The ski trails in West Yellowstone and in the Park itself have seen wonderful sunlight all week long.  What glorious weather for the Yellowstone Ski Festival!

Sun dog along the Madison River, Yellowstone National Park

As we skiied back from the edge of the Madison River, which was the subject of my response to last week’s Photo Challenge, a sun dog danced on the left side of the brilliant late afternoon sun.  This sun-based weather phenomena with the starburst of sunlight leading us back to the trailhead seemed to be a fitting entry for “Let There Be Light.”

Ciao! ~ Kat

This post was in response to the Daily Post’s Weekly Photo Challenge.  ”Let There Be Light” was this week’s theme.  Everyone is welcome to join in the Challenge; further details on how to participate and links to others’ responses are found here.

Mountains of Gratitude

The Yellowstone Ski Festival is in full swing as Thanksgiving Day opens with another sunny, crisp morning in West Yellowstone.  Naturally, the activity of the day is nordic (cross-country) skiing, with an array of trail choices from the extensive Rendezvous Ski Trails system, to the Madison River loops, to a single groomed classic track along the road leading through the gates and into Yellowstone National Park.  You cannot go wrong with whatever option you choose, as ideal conditions continue.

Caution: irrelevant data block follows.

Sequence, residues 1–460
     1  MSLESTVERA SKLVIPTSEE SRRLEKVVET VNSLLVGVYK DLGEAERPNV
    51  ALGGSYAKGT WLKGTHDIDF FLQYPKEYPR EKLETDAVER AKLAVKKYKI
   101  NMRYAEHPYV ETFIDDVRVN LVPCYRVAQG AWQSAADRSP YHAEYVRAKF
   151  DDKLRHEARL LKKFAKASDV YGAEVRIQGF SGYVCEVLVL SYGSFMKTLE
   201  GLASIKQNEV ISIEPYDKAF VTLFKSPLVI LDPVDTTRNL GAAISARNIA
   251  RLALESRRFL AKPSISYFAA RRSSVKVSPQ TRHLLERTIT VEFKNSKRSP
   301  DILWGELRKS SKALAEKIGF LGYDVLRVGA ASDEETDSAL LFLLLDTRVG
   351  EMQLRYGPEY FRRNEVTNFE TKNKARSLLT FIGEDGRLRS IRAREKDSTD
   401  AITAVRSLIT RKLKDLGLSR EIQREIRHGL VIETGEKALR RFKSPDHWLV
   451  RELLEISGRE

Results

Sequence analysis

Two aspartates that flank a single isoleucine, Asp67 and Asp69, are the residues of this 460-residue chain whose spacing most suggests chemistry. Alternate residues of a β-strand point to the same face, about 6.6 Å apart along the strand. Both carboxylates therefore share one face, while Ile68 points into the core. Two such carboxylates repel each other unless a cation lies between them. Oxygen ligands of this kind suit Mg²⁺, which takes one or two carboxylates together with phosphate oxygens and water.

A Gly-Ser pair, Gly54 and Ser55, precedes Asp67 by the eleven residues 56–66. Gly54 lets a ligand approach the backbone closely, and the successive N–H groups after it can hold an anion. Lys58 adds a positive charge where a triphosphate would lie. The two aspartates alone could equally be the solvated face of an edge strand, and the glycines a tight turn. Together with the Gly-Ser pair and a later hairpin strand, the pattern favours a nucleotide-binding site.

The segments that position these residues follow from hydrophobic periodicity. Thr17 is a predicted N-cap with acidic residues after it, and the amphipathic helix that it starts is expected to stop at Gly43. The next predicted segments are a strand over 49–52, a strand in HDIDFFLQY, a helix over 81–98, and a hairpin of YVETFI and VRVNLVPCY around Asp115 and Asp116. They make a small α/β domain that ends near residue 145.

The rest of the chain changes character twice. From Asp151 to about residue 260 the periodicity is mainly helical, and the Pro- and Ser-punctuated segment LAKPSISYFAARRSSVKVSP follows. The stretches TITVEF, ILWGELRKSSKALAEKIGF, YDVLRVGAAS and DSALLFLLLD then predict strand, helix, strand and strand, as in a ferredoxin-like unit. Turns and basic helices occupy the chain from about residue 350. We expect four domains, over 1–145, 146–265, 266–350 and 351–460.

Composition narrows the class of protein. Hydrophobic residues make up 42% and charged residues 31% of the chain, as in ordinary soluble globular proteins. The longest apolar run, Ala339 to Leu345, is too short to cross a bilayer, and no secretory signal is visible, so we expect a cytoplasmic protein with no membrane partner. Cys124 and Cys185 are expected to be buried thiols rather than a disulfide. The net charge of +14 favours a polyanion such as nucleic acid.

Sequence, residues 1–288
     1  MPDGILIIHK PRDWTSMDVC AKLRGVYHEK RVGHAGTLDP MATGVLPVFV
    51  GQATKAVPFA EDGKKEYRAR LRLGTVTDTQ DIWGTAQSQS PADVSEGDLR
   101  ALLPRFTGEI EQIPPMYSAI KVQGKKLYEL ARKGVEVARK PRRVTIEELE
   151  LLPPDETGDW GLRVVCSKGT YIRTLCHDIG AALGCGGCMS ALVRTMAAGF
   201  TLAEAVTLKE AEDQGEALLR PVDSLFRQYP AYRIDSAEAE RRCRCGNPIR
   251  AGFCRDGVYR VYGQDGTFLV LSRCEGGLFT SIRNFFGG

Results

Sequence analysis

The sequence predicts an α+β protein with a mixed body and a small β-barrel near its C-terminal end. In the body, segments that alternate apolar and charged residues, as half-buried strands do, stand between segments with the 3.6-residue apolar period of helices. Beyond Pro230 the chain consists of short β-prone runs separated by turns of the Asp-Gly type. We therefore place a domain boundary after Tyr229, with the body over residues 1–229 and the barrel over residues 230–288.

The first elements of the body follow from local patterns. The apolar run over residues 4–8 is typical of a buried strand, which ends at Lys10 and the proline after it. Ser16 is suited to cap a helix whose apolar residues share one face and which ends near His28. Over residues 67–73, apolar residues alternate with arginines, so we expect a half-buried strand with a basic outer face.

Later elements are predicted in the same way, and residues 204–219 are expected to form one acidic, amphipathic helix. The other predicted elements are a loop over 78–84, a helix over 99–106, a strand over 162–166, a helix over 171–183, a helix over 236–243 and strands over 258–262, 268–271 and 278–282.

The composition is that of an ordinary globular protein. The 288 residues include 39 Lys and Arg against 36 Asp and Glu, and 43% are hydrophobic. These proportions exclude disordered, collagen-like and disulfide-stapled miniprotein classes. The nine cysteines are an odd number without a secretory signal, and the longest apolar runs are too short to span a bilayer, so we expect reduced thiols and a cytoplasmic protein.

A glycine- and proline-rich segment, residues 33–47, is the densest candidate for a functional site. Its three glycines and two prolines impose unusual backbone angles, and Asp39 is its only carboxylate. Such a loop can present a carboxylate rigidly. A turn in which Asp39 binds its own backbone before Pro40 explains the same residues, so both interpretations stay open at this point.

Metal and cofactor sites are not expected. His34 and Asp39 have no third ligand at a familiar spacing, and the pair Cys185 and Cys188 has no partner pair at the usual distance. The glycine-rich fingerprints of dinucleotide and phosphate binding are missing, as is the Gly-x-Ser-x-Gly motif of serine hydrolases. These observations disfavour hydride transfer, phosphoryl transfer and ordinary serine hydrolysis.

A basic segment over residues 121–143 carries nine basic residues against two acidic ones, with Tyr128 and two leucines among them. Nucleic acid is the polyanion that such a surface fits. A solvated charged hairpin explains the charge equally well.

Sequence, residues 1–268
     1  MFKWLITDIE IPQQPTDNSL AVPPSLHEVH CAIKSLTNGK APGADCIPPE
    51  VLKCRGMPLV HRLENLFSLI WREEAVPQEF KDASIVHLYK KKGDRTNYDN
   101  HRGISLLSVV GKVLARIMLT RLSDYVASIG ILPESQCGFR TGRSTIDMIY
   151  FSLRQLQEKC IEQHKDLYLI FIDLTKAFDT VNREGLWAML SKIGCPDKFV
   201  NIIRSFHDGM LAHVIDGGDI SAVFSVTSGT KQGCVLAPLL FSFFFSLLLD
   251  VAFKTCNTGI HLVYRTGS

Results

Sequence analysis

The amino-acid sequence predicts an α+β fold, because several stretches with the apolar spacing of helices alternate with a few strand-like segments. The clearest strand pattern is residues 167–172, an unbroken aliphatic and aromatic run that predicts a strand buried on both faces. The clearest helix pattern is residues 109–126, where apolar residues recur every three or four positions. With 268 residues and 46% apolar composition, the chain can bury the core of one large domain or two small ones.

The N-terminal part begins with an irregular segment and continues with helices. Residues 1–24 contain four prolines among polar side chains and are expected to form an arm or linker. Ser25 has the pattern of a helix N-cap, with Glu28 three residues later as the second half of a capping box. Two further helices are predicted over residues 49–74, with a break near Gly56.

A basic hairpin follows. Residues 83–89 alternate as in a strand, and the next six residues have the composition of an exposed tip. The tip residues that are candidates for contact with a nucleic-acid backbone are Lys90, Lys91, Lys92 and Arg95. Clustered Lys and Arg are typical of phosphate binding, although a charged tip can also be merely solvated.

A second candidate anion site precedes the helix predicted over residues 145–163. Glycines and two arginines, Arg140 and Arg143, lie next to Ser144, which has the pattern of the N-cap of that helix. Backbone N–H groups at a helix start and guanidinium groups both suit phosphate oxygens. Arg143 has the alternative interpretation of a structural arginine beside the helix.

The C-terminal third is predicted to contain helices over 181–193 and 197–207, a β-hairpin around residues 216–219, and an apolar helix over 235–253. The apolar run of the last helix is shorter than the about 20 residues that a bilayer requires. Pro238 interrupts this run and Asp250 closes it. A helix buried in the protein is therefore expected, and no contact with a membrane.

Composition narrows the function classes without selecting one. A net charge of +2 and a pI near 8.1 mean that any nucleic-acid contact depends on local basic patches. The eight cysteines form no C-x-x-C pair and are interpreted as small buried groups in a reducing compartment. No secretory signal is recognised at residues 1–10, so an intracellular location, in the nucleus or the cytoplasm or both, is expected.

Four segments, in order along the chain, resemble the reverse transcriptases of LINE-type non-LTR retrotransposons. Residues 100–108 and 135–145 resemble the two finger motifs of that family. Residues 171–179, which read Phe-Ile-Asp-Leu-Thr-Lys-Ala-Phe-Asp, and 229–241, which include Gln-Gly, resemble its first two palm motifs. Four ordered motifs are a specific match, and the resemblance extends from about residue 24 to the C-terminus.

The road into Yellowstone National Park proved to be a lovely ski to kick off a day of gratitude. Treetops sparkled with frost, and the snow lining the single-track trail glistened like diamonds in the sun’s reflection.  An eagle sat perched at the top of a tree, searching for a snack with its eyes darting to and fro.  Skiers called out joyfully in passing, “Happy Thanksgiving!”, “Enjoy the day!”, “Isn’t it beautiful?!”  And a short distance into the park, just off the main road on a turnout, was a view that required a few moments of silence and awe — frosted treetops as far as the eye could see, reaching to the snow-capped mountains, with the river gurgling below.  What a blessing to enjoy the view, appreciate good health, and revel in the ability to savor a morning ski in a magnificent setting.

Yellowstone National Park overlook

Happy Thanksgiving, Happy Hanukkah, Happy Day to all!

Ciao! ~ Kat

Weekly Photo Challenge: Unexpected

i should not have been surprised by the sight overhead as we enjoyed yet another postcard view of the mountains, while skiing along the Madison River in Yellowstone National Park.

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But, my friends and I still gasped in delight as we recognized the majestic bird soaring overhead.

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And, we were doubly surprised by the unexpected sight of yet another bald eagle flying by while the first was still in view.

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With no other skiers in sight, we shared that magic moment of unexpected wonder.

Ciao! ~ Kat

This post was in response to the Daily Post’s Weekly Photo Challenge.  ”Unexpected” was this week’s theme.  Everyone is welcome to join in the Challenge; further details on how to participate and links to others’ responses are found here.